12 Feb 2012

Have I turned Japanese?

Before coming to Japan I worked for a while in a big Univeristy hospital.  I remember seeing a patient wearing a surgical mask and being escorted down the corridor, whatever he had looked serious and the mask intimated contagion. I was told in a whisper he was a tuberculosis patient.  

A few months later I boarded the plane to Japan, and stepping into the cabin I was shocked to see half of the passengers masked.  Get me off this plane, was my first thought, what could be the matter with all these people? It was a creepy sight for one uninitiated to the Japanese way.

Now, am used to seeing face masks every day, students, teachers, truck drivers, housewives, office workers, dustbin men, shop staff, EVERYONE wears masks.  

I have shunned them, ridiculed them and generally thought Japanese people had a mask fetish.  Another layer to hide behind, to shield themselves from the world.  I refused to wear them, it was my last bastion on the 'I am not Japanese' front.

I yielded.
This week I have worn a mask to bed, around the house, when driving.  I wore one even to the supermarket the other day, still feeling very embarrassed, so of course, as luck would have it, the lady behind me in the queue screamed 'Esther!!!  Long time no see!!!  Wow how are you??? ' I wanted to crawl further under my mask, I'd been caught red handed.  Mind you, she was masked too, and didn't bat an eyelid.

It is always a strange sensation talking to one whose face is partially covered.  Yet it is curiously comforting, more private.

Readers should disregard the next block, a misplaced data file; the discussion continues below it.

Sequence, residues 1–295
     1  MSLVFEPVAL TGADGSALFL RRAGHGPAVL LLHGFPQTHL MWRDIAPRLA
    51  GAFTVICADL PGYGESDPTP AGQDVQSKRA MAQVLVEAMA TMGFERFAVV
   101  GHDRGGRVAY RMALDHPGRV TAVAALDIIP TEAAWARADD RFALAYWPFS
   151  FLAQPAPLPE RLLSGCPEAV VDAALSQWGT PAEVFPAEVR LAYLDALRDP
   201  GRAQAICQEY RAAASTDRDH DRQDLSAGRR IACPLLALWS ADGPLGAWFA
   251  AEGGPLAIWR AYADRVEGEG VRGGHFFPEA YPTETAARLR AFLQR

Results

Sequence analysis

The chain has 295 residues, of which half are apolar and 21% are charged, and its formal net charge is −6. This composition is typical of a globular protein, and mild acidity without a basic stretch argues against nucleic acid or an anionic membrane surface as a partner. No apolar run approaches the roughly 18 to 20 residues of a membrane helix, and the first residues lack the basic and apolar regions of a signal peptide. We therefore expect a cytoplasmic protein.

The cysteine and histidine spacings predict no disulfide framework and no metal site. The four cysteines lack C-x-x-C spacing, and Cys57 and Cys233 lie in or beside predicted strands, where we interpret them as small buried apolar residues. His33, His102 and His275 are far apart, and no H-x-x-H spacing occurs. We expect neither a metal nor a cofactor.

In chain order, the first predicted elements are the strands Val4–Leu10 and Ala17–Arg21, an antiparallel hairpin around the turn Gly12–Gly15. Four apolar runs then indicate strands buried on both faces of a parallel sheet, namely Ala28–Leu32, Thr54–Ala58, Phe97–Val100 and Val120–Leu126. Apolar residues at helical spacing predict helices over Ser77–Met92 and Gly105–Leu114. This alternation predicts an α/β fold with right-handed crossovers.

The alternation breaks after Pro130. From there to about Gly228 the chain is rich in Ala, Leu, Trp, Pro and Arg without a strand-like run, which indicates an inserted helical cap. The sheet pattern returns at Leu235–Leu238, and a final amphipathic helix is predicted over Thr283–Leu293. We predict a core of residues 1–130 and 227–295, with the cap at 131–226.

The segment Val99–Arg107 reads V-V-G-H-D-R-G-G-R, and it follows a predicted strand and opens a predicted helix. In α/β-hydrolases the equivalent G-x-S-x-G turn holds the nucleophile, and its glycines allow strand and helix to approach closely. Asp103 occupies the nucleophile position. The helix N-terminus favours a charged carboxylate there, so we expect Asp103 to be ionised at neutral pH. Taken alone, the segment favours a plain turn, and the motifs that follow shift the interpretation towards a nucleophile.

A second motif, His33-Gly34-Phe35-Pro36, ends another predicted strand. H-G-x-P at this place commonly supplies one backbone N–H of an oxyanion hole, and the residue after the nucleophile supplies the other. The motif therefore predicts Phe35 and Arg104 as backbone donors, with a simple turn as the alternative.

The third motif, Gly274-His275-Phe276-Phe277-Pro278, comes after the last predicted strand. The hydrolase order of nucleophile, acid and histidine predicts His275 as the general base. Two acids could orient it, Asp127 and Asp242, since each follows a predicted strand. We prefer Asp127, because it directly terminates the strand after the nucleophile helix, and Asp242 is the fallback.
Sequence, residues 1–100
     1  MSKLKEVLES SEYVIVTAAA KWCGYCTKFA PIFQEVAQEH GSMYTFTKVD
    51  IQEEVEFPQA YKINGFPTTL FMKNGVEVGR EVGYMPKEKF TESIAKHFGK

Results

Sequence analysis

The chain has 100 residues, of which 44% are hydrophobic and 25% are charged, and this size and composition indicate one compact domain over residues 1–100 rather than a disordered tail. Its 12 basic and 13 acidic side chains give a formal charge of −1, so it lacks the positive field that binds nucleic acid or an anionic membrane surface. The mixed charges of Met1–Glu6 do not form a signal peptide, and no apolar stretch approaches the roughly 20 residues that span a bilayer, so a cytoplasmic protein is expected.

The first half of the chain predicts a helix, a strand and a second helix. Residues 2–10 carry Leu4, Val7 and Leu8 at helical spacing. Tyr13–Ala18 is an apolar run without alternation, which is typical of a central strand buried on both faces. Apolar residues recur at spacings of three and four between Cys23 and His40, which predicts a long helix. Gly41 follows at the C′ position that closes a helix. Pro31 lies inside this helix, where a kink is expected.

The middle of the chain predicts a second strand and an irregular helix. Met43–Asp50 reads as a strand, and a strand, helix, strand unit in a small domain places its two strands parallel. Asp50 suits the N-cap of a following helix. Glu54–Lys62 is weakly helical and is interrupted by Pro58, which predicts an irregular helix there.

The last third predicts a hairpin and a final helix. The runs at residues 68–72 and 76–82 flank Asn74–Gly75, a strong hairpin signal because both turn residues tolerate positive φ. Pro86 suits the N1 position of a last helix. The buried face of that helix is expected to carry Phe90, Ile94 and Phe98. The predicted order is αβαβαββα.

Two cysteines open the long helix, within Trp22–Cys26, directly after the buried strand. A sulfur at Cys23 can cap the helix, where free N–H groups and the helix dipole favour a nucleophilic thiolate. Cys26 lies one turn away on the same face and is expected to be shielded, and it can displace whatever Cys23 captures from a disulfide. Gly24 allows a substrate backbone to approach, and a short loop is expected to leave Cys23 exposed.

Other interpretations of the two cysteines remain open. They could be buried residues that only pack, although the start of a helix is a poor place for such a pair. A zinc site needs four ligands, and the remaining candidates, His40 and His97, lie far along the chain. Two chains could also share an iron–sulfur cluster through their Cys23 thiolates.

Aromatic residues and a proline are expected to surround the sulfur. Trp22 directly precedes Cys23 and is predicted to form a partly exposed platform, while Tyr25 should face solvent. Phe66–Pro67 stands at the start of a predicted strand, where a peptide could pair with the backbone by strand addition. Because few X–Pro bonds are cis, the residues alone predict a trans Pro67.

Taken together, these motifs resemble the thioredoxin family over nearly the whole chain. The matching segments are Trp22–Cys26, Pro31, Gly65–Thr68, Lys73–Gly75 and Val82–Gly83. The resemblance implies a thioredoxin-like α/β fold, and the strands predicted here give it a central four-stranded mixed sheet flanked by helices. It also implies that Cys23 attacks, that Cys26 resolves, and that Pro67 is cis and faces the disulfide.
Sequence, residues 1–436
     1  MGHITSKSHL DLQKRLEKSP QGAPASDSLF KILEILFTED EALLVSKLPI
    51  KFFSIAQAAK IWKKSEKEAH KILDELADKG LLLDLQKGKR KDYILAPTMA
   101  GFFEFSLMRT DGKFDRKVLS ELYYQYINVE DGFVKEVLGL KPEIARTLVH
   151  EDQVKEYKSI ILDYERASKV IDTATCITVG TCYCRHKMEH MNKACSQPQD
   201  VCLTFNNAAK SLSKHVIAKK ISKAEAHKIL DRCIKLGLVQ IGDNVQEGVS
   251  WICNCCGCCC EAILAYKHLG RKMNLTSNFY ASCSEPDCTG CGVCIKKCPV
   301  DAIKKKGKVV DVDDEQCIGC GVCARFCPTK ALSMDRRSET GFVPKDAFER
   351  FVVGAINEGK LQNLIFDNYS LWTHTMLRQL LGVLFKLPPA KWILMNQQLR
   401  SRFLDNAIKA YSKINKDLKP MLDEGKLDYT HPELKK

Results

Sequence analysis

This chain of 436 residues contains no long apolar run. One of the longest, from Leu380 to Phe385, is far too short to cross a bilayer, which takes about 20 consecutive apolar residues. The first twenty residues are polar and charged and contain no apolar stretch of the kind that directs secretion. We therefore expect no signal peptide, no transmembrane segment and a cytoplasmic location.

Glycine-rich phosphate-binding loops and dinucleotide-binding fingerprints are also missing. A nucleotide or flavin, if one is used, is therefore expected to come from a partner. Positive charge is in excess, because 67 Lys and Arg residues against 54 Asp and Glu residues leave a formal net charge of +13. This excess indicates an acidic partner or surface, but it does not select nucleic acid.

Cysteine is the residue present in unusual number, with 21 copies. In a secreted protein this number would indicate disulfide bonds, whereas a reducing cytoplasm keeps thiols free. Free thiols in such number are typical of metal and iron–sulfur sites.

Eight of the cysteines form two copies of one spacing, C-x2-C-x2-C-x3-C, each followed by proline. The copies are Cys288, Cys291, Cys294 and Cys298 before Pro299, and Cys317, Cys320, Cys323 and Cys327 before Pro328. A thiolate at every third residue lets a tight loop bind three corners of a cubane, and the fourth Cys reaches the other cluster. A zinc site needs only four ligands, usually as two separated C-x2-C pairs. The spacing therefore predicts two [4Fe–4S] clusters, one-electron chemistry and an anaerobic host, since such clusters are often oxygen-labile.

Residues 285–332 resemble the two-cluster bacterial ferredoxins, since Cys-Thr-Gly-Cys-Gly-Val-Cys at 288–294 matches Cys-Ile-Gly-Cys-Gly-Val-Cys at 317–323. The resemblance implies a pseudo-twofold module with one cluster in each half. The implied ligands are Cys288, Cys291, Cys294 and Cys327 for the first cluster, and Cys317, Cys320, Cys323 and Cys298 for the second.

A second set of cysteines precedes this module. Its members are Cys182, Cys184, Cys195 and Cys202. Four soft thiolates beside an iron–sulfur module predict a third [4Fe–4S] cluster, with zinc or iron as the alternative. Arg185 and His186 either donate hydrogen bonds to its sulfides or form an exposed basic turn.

However, I still hold fast that these masks are, in my opinionated opinion, grossly missued. Surgical masks are generally most effective at stopping the wearer from passing on their disease not the other way round, at least not these cheap ill fitting ones popular here. Maybe they offer protection in reminding people to keep their hands away from their face (the importance of washing hands) or in that they keep your nose nice and warm and moist, cold viruses tend to prefer dry and cold conditions.  Who knows. But the Japanese love them dearly.

In my case I sprinkled a couple of drops of Eucalyptus oil, and can inhale the warm moist healing vapors, making my sinuses feel wonderful.

9 Feb 2012

Forgot my Tools

A few years ago while I was in Rishikesh I found my self surrounded by Yogi of a different breed, they were busy tongue scraping, urine drinking, stomach purging, string and water nose washing to name but a few of the cleansing techniques that were being practised around me.   I began to feel that perhaps I was missing out on something, should I too drink a litre of salt water every morning, and bring it back up to cleanse my stomach.  I've never been a fan of detox diets, fasts and purges, thinking it's more balanced to do these things gradually in daily life, like the yoga, rather than a boot camp, do little by little daily.  I asked my teacher about this, she said these are tools, good to know if you ever feel the need.  I always feel the need for jala neti (water nasal cleansing) in dry and dusty India,  rarely so in Japan in my forested humid location.

Seems I thought I was superwoman in January and overdid it in every way possible.  Was feeling worried, confused and overwhelmed.  Practised yoga too hard, went snowboarding a lot, worked a lot and didn't dress, eat, or rest properly.  Came down with a cold that led to infected sinuses.  Not fun.

Anyways, I had forgotten about my neti pot (my mother reminded me), and the key principle of moderation and rest!  But I picked up my tools again,  and am on the road to recovery, and smelling great.  Found an interesting remedy for sinusitis which I am trying out now, seems to be working.

8    Tbsp of Fine Sea Salt
10  Drops of Rosemary Essential Oil
6    Drops of Tea Tree
Mix well.  Half a teaspoon into the Neti pot and rinse away with warm water.

Also been using Lavender Spika to ease congestion and help drainage.
Eucalyptus for clear breathing and it's anti-bacterial and viral properties.

Add a healthy does of relatively gentle Asana practice, a large dose of Pranayama and a scattering of snowboarding, interspersed with adequate rest and hot springs.